Whale-watching in Polynesia

By Jennifer Gacich, February 25, 2010

Humpback whale - photo by Jennifer Gacich

Humpback whale - photo by Jennifer Gacich

Swimming with humpback whales in the South Pacific. From July to October a small number of humpback whales megaptera novaeangliae make their annual migration to the sheltered waters of French Polynesia’s Australs archipelago to reproduce.

I spent months planning every detail of our Polynesian adventure and the island of Rurutu was destined to be the highlight of our trip. A far flung tropical paradise in the Pacific Ocean, some 600 kilometers south of Tahiti, the island forms part of the Australs archipelago. We had flown halfway across the world to get to this remote, windswept isle and we knew we were about to have one of those magical, once in a lifetime experiences.

In the months preparing for the trip, I had scoured YouTube for tourist video footage of the island and its crystal-clear blue waters. I soon became obsessed with shaky hand-held images of tourists bobbing up and down on the ocean’s surface, marvelling at their close encounters with humpback whales. Despite my terror of the open ocean, I was determined to overcome my fears and be one of them. Of course, I couldn’t set off on our journey without buying accessories for my underwater camera. If I was going to immerse myself in bottomless ocean waters with whales the size of planes, the moment would be captured, framed and proudly displayed on my living room wall for years to come.

After endless hours transferring from one aeroplane to another, we finally landed in the wild and rugged isle of Rurutu. It was the middle of August and the chilly gusts of southern equatorial winter winds took us by surprise. Nervous glances were exchanged as we started to wonder about our choice of island, but we were soon reassured by the numerous whale-watching posters adorning Rurutu’s makeshift airport walls. We had come at the height of whale-watching season, as every year, from July to October, a small number of humpbacks migrate to these sheltered waters to reproduce.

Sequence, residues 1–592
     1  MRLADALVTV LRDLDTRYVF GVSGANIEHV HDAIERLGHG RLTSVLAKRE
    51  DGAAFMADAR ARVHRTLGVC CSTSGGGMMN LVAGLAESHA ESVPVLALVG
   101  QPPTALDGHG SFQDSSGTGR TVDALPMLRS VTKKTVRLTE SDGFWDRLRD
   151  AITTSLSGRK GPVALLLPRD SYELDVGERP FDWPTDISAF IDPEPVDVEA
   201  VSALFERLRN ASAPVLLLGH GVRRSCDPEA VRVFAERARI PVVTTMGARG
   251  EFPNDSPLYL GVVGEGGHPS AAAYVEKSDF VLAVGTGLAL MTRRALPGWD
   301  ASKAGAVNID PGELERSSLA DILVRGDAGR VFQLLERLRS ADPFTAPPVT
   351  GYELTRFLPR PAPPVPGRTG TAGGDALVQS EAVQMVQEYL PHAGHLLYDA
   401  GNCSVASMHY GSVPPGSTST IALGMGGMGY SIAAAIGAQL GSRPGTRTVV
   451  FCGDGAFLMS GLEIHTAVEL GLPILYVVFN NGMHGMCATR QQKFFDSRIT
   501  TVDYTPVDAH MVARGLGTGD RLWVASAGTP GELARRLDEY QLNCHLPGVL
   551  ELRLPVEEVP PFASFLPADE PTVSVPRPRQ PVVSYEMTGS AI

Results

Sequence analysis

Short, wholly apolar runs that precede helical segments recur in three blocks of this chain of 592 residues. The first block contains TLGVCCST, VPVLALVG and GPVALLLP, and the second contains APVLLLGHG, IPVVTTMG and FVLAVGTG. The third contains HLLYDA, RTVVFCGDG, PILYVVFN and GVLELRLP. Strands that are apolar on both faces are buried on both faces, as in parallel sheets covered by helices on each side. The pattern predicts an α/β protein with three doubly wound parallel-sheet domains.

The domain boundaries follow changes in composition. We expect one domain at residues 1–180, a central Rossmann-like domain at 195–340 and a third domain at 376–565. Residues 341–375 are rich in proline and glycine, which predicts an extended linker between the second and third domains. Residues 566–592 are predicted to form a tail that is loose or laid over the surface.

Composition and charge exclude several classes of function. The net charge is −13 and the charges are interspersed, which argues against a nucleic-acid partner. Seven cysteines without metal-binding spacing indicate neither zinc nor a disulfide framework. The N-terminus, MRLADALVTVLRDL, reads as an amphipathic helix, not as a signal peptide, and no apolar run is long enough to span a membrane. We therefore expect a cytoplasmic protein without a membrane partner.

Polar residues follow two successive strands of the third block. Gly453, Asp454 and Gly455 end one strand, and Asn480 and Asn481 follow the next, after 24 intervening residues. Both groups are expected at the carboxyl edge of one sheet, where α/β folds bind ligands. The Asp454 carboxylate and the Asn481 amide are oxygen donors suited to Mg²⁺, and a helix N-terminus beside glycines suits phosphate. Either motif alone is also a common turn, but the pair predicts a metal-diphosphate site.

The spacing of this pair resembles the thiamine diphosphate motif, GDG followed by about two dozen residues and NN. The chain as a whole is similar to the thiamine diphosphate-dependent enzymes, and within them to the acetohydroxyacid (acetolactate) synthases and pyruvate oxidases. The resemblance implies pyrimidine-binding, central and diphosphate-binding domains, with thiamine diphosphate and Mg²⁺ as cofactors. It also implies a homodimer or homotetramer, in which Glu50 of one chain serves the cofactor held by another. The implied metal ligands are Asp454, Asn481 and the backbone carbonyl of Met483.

Humpback whale - photo by Jennifer Gacich 

Humpback whale – photo by Jennifer Gacich

With only four days on the island, we had to maximise our time, so our first whale-watching trip was organised before we even got to the guesthouse. As it turned out, Viriamu, the stern-looking owner of our little pension, offered to arrange all our excursions for us. He persuaded us to snub the reputable French whale-watching tour operator I had read about in the guidebook in favour of local fishermen (his cousins) who supposedly charged less and offered the same service. Despite our initial reservations, we decided to take our host’s advice and support the local economy.

The following morning, with the sun shining and our excitement mounting, we gathered our snorkelling gear and climbed into the back of the jeep that awaited us. After some time surfing the waves in a little speed boat, we established contact. The boat slowed and we got ready to jump in the water, hoping to catch a glimpse of the whale that was just off-shore. Incredibly, the curious young whale came straight towards us. This was the moment I had been dreaming about, and yet, I felt a surge of fear as the giant creature came nearly within arm’s reach. Thankfully, I remembered that I had a camera in hand and started taking as many photos as I could. The whale took one good look at me and my strange flashing apparatus, then gently veered off into the blue.

We were ecstatic and desperate to have another close encounter with these majestic creatures so we arranged to go out again the following day. However, reality soon set in as the dream faded. We watched in horror as the fisherman broke all the international rules of whale- watching. Rather than being observed from a distance, they were harassed and trapped between the boat and the shore. Whales had once been hunted by the locals and their approach to whale-watching seemed to follow the same strategy.

The question is: can hunters become conservationists? Clearly, local residents of Rurutu lack training in sustainable ecotourism and conservation awareness. Without the sustainable management and protection of precious resources, both the local economy and environment will lose out on the long-term benefits of ecotourism. Fortunately, there are those on the island who believe in conservation and are trying to raise awareness. Viriamu and his biologist wife are among the few who are working towards a sustainable future. Their hope is to involve the Ministry of the Environment in their efforts to train local fisherman in ecotourism and safe whale-watching practices. However, as we have learned, tourists also need to be more aware of their impact on local ecosystems and make the right choices.

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